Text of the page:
Talc pleurodesis improves survival of patients with malignant pleural effusions: case-control study
Aim: The aim of this study is to investigate whether there was a considerable difference in the survival of patients with malignant pleural effusion (MPE) depending on the pleural effusion treatment option.
Methods: One hundred and seven patients with proven MPE (metastatic lung and breast cancer) were included in the retrospective study. Fifty six patients were treated with talc pleurodesis and a control group of 51 patients with similar characteristics (in age, sex and disease) were treated with serial thoracentesis. The patients of both groups underwent chemotherapy and/or radiotherapy. The overall survival and the survival in subgroups of patients with different tumour types and different performance status (PS) equal 1, 2 and 3 were compared.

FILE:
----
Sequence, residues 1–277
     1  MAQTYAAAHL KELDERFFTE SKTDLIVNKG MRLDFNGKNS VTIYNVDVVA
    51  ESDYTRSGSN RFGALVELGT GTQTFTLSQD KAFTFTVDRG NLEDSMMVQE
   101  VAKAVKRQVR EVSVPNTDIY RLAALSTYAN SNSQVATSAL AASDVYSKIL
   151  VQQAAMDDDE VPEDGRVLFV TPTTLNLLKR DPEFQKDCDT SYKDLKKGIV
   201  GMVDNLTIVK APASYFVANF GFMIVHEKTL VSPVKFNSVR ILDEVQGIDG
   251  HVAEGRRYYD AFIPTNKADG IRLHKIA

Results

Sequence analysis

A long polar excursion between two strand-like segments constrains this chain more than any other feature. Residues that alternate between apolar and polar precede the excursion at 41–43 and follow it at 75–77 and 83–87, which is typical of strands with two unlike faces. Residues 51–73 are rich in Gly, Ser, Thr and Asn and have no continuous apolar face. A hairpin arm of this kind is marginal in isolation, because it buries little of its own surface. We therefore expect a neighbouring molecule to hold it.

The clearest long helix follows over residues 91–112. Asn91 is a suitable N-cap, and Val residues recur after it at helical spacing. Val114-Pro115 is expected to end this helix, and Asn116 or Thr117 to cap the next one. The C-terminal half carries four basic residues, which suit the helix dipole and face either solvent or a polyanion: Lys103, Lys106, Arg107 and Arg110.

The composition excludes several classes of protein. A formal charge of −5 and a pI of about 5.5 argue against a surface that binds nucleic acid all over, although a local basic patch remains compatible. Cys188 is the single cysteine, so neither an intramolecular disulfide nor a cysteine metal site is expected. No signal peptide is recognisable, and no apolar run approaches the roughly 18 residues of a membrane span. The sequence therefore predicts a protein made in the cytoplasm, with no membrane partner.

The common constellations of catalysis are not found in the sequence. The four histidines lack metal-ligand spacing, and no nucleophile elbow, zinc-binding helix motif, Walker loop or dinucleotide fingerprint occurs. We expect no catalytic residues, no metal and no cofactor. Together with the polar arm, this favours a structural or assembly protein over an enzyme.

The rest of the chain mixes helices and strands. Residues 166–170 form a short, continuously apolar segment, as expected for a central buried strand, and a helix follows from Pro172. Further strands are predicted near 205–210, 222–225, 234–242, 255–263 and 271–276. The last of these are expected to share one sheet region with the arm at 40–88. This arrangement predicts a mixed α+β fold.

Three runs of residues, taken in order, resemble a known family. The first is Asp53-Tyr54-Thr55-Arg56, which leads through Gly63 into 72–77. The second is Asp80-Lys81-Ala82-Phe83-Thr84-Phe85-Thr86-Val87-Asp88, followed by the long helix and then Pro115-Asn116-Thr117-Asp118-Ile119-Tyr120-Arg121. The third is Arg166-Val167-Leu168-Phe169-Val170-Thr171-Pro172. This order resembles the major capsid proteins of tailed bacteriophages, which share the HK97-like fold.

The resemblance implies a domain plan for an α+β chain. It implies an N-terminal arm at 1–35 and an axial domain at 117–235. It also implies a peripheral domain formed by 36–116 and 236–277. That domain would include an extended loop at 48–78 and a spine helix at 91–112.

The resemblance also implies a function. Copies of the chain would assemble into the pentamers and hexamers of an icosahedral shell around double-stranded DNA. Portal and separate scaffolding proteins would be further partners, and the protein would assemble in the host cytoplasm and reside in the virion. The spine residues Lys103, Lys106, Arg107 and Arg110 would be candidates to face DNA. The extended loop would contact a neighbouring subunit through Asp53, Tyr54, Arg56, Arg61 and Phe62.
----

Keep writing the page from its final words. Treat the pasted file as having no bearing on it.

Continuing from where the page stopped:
Results: The patients who underwent talc pleurodesis had a longer average survival interval (MS) than the patients without such a treatment (n = 56; MS = 21,5 and n = 51; MS = 9 weeks, respectively; p < 0.001). The best results were achieved in patients with PS 1 (n = 16; MS = 35.5 and n = 10; MS = 11 weeks in the groups with and without talc pleurodesis, respectively; p < 0,001) and PS 2 (n = 27; MS = 21 and n = 30; MS = 10 weeks in the groups with and without talc pleurodesis, respectively; p < 0.001), whereas talc pleurodesis was not effective in PS 3 patients (n = 13; MS = 10 and n = 11; MS = 7 weeks in the groups with and without talc pleurodesis, respectively; p = 0.08). Patients with the breast cancer showed a longer average survival interval after pleurodesis than those with the lung cancer (n = 12; MS = 37.5 and n = 44; MS = 20 weeks in the group with the breast cancer and with the lung cancer, respectively; p < 0.001), whereas the median survival was not significantly different between those patients without pleurodesis (n = 10; MS = 10 and n = 41; MS = 9 weeks in the group with the breast cancer and lung cancer, respectively; p = 0.11).
Conclusion: The patients treated with talc pleurodesis had a significantly longer average survival than the patients without such a treatment, especially in the group with the breast cancer and in groups with better performance status. This may indicate that talc pleurodesis, apart from its symptomatic effect on the cessation of pleural effusion, may have a direct antitumour effect as well.